The speed of light is defined exactly as 299,792,458 m/s. A photon of red-orange light from a HeNe laser has a wavelength of 632.8 nm. Using the equation gives a frequency of 4.738X1014 Hz or about 474 trillion cycle per second.

A much more accurate method directly measures the wavelength of a laser beam by counting the number of fringes in an interferometer as one of its mirrors is moved over a very precisely measured distance.

A third and most accurate method measures the frequency of a laser by measuring the difference-frequencies produced by mixing it with a series of lower and lower frequency signals. (When two waves of different frequency are mixed, two new waves are produced with frequencies equal to the sum and the difference of the original frequencies.) The lowest or reference frequency and each of the difference frequencies is directly measured by comparing them with a frequency standard such as one of the atomic clocks at NIST. Described at: http://www.boulder.nist.gov/timefreq/ofm/synthesis/synthesi.htm

The time it takes to make a measurement depends on the method used and the accuracy desired. For the highest accuracy, measurements may take a second or more. A single photon wavelength measurement can be completed in a fraction of a microsecond, but the accuracy will be many orders of magnitude less.

Answered by: Scott Wilber, President, ComScire - Quantum World Corporation "

------08:44:17-------

So yes, there is an equivalence to a wavelength, possibly you can say that is this equivalence that change.

[yor_on, as per the site's AUP: If you have more to add to your post then use the modify button. If you are responding to someone else's earlier post then use the quote button - Mod]
« Last Edit: 30/12/2010 13:39:37 by peppercorn »

#### jartza

• Sr. Member
• Posts: 230
##### Where does the remainder of the energy from a mass falling into a blackhole go?
« Reply #29 on: 30/12/2010 14:58:27 »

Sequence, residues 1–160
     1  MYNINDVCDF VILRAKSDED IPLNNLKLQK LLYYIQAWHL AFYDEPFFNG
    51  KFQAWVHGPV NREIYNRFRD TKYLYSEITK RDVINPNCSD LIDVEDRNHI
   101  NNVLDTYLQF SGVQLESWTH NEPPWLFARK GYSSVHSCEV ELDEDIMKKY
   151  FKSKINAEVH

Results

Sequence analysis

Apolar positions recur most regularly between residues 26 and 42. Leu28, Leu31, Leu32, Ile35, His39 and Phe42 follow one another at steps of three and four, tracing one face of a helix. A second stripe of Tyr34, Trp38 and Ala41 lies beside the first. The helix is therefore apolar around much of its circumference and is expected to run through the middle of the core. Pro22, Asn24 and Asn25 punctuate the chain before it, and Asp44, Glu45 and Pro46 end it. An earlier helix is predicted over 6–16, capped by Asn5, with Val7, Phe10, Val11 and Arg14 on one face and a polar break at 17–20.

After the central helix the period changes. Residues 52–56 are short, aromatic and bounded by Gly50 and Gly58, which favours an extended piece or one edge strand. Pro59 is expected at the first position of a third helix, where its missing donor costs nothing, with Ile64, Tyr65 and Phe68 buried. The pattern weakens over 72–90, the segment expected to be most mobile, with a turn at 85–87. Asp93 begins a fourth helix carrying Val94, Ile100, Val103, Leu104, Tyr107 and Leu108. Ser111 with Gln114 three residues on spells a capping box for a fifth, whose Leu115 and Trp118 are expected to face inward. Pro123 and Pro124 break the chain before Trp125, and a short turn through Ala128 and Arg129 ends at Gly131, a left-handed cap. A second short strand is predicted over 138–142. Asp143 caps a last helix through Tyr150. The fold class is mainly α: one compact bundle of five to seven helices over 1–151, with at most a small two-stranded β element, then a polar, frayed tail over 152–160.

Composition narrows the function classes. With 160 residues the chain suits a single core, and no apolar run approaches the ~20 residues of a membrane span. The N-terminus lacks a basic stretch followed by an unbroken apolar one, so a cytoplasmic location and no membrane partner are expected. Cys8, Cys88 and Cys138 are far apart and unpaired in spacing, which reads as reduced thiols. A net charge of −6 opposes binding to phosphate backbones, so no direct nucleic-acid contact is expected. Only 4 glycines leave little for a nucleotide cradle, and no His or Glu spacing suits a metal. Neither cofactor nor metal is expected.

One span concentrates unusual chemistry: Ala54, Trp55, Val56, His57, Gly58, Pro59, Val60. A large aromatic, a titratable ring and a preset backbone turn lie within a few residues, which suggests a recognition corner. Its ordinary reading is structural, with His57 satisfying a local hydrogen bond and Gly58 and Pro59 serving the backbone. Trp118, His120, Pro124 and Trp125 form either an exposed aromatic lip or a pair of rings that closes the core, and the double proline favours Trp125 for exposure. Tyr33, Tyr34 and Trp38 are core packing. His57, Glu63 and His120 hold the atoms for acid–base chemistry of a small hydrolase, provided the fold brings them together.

When energy goes downhill in an electric power line on a hill side, voltage and amperage increase.

Interesting. Were does the extra current come from?

It is impossible that different parts of a wire have different currents. It is impossible that drive shaft's two ends rotate at different speeds too.

Check out new versions of general energy shift theory at the second post at this page.

#### yor_on

• Naked Science Forum GOD!
• Posts: 12001
• Thanked: 4 times
• (Ah, yes:) *a table is always good to hide under*
##### Where does the remainder of the energy from a mass falling into a blackhole go?
« Reply #30 on: 30/12/2010 16:01:57 »
No Jartza, I'm not sure how it will express itself but I don't see it as impossible, you need to have really high energies for it to be noticeable I think. And the same arguments as we use for describing 'frames of reference' should be applicable. But you have a really nice argument there. And what I think it is about is.

"What the he* is energy"?

#### jartza

• Sr. Member
• Posts: 230
##### Where does the remainder of the energy from a mass falling into a blackhole go?
« Reply #31 on: 31/12/2010 09:40:50 »
No Jartza, I'm not sure how it will express itself but I don't see it as impossible, you need to have really high energies for it to be noticeable I think. And the same arguments as we use for describing 'frames of reference' should be applicable. But you have a really nice argument there. And what I think it is about is.

"What the he* is energy"?

I guess in your world one end of drive shaft can rotate at different speed than the other.

Let me repeat: when a guy runs in a circle, at speed of light, in a deep gavity well, turning a vertical drive shaft, the guy at the upper end of the drive shaft says it's rotating slowly.

And the both ends are turning at the same speed, because it is made of hard metal. Is this really very very difficult, guys?

#### yor_on

• Naked Science Forum GOD!
• Posts: 12001
• Thanked: 4 times
• (Ah, yes:) *a table is always good to hide under*
##### Where does the remainder of the energy from a mass falling into a blackhole go?
« Reply #32 on: 31/12/2010 20:12:55 »
:)

You want to argue against the concept of it described as waves you're going to have a really hard time. I believe that one proved in experiments already. When looked as photons we get into anther position, and the best I can see is this 'equivalence thingie' expressed above. But it's not good enough, well, not for me at least. There have to be a better way of expressing it. Not that I know of it. But as I said, looked upon as waves it's perfectly reasonable.
==

The problem comes when one try to make 'sense' of it, as compared to our immediate reality. But to me SpaceTime don't really care about what we see as 'common sense and decency' :)
« Last Edit: 31/12/2010 20:14:53 by yor_on »

#### jartza

• Sr. Member
• Posts: 230
##### Where does the remainder of the energy from a mass falling into a blackhole go?
« Reply #33 on: 01/01/2011 05:24:58 »